What Is PPC?
PPC stands for pay-per-click, and it’s a way of marketing on search engines. As it states in the name, you literally pay-per-click. Essentially, PPC is a targeted way of buying visits to your site that will hopefully end in conversions, whether this is a sale, conversion, or sign-up etc.
It can be a great marketing method if your CPC (cost-per-click) is low, enabling you to still have a good return on investment (ROI). However, it can be extremely competitive in some industries and requires regular maintenance to maintain a good CPC and a steady number of conversions.
PPC often changes too – from AdWords rules to industries becoming more competitive over periods as short as a week – so you have to constantly adapt your PPC strategy.
How Does It Work?
Once an advertiser has set up their ads in a search engine advertising platform (such as Google AdWords or Bing Ads) and has added relevant keywords that they wish their ads to trigger for, they then set bids for how high up in the ad section of the search results their ad will show.
For example, say that in the school cleaning industry the bid for the number one position on the front page of the search results is £3.40, but say you’re bidding at £3.00, you won’t get that top spot. Not to worry though, you’ll be able to see your average position in the metric columns on the advertising platform where your ads are running from.
However, as previously mentioned, PPC can be very competitive. If you’re bidding high enough for that first-place position but your competitor is also bidding for that top spot, what happens then? Well, the advertising platform will then look at other varying factors to determine which ad is best suited for the position.
The most common things that factor into your ad’s position are:
Quality Score – This is a score (out of 10) that sums up the quality of your ad based on ad relevance, landing page experience, and CTR (click-through-rate). If you aim to have a minimum Quality Score of 5/10, you’re well on your way to winning those clicks.
Ad Extensions – Ad Extensions offer relevant information alongside your ad messaging. There are a fair few extensions in AdWords, but the main ones that are often used are sitelink, callout, and structured snippet extensions. Since extensions offer more details about your brand or product, they ensure a positive user experience which is a key factor that Google looks at when determining who gets that top position.
Maintain and adjust these factors regularly and you will optimise your chances of ad clicks and conversions.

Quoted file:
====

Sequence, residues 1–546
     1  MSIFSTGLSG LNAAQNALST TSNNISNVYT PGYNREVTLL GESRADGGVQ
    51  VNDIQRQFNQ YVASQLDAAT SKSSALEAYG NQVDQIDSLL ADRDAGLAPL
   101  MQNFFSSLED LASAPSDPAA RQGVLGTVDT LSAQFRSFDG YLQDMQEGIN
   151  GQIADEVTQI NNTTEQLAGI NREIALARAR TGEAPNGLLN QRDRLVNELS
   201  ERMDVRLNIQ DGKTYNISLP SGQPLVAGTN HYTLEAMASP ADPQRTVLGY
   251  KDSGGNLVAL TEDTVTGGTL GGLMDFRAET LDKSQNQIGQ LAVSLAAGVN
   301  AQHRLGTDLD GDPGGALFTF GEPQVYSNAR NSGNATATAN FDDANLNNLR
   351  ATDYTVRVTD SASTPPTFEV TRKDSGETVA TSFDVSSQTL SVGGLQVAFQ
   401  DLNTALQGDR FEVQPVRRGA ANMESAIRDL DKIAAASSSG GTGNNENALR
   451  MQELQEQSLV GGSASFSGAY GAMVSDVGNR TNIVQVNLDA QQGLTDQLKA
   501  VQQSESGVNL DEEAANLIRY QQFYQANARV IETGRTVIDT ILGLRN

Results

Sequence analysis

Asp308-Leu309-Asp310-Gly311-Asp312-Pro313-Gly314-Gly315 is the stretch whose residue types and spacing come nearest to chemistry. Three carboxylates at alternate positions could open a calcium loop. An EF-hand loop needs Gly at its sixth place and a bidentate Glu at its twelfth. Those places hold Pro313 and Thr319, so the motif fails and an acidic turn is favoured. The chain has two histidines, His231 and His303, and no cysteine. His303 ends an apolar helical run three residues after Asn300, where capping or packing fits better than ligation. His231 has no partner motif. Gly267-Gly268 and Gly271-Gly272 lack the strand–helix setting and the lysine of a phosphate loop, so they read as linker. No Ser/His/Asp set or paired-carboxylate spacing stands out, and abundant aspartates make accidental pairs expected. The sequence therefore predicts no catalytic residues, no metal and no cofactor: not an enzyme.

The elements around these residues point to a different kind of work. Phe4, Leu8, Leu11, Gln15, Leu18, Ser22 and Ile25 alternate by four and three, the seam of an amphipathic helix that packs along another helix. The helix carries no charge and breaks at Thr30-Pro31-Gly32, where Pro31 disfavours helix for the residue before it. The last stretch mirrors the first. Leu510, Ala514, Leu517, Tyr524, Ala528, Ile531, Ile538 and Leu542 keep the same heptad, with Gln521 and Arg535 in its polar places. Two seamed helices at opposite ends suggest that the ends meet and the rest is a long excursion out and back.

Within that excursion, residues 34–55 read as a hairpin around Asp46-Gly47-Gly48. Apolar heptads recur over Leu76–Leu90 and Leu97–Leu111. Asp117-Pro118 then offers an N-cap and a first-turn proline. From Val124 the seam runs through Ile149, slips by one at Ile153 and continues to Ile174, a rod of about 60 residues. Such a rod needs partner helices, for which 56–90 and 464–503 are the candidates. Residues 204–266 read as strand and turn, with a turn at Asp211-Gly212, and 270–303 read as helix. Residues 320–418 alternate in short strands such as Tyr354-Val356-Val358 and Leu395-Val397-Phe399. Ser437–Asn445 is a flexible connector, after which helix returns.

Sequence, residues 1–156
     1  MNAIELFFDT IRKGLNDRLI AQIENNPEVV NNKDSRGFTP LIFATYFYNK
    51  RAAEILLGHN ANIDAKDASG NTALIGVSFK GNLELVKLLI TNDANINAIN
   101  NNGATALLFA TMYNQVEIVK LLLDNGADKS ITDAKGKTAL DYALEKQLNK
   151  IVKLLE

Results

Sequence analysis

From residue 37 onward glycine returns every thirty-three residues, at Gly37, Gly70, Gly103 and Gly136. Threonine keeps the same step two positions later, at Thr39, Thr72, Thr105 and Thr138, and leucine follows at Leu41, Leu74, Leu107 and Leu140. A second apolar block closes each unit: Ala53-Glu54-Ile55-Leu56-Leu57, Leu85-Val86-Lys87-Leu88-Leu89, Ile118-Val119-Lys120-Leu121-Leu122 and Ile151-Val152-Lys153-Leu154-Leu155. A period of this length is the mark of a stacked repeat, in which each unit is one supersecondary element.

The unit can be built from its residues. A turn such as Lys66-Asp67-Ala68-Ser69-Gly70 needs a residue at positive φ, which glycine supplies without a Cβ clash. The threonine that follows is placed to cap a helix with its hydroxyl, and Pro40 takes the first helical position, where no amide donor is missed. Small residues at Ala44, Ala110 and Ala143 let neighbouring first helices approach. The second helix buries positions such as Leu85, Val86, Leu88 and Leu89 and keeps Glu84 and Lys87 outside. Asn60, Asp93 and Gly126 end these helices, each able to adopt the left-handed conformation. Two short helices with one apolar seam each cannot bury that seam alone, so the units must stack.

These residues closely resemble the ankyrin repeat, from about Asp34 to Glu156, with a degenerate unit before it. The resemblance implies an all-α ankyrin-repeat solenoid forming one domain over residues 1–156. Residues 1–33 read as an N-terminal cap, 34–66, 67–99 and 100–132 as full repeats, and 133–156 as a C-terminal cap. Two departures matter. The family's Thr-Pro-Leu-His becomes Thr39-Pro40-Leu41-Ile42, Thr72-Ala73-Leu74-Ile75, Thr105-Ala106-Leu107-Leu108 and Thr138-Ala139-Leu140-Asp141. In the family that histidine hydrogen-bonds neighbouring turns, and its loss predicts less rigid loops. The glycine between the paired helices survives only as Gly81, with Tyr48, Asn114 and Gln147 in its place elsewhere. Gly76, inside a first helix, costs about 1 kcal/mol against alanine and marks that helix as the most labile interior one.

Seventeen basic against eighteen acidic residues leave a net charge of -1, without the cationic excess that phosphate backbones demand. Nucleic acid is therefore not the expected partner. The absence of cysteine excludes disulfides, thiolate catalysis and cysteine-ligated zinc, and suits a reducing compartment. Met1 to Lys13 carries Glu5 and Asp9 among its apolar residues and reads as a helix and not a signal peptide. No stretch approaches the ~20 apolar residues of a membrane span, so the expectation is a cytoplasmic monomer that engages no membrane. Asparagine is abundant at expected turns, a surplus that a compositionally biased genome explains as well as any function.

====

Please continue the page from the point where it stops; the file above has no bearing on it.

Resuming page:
What Is Google AdWords?
AdWords is Google’s very own advertising service which allows you to market in the Google search engine and its affiliate sites. AdWords lets you do this via the use of placed text ads that appear when people search for terms that relate to your ad’s offering. For advertisers to get their ads shown in front of potential customers, and for Google to make money from its search engine, advertisers bid on certain keywords they wish to show for.
Google’s Display Network (GDN) is also a way for advertisers to show their display/visual adverts. The GDN is a large network of sites that allows Google to display advertisements on. Generally speaking, Display Network clicks are less expensive than those on the search network.
How Can PPC Benefit You?
Only Pay for Clicks – The great thing about PPC is that you pay for clicks, which is a lot more valuable than paying for impressions. With a click, you’re not necessarily guaranteed a conversion off the back of each ad click, but it still creates brand awareness.
See Faster Results with PPC than SEO – Hungry for results? You should consider PPC if so. Pay-per-click marketing can provide a substantial amount of traffic for a predictable amount of money in less time. However, for continuous results for the foreseeable future, SEO is well worth looking into.
Budget Control – With PPC, you have constant control of your account spending. You determine both your daily and monthly budgets.
Targeted Ads – The great thing about pay-per-click is the in-depth targeting you can set up. It’s not quite as detailed as Facebook ad targeting, but it still does the job to a high standard. Some of the most useful elements to target include device targeting, location targeting, ad scheduling, and keyword targeting. All are super important if you want to get in front of your ideal customers’ eyes at the right time.
Fast Results and Constant Traffic – With the volume of searches carried out across search engines daily comes a great opportunity for results. When running a PPC campaign, you will almost certainly see immediate results.
Better ROI – Because you only pay-per-click, this makes it easier to manage your costs and calculate your estimated ROI. Also, if you’re tracking conversions, PPC makes it easy to track your average cost per conversion.
Getting Started with PPC
Hopefully, this gives you a good basic overview of PPC marketing. If you are looking to get started with PPC and want to learn more about how it can benefit your business, download our free PPC strategy guide to understand how to maximise ROI from your campaigns.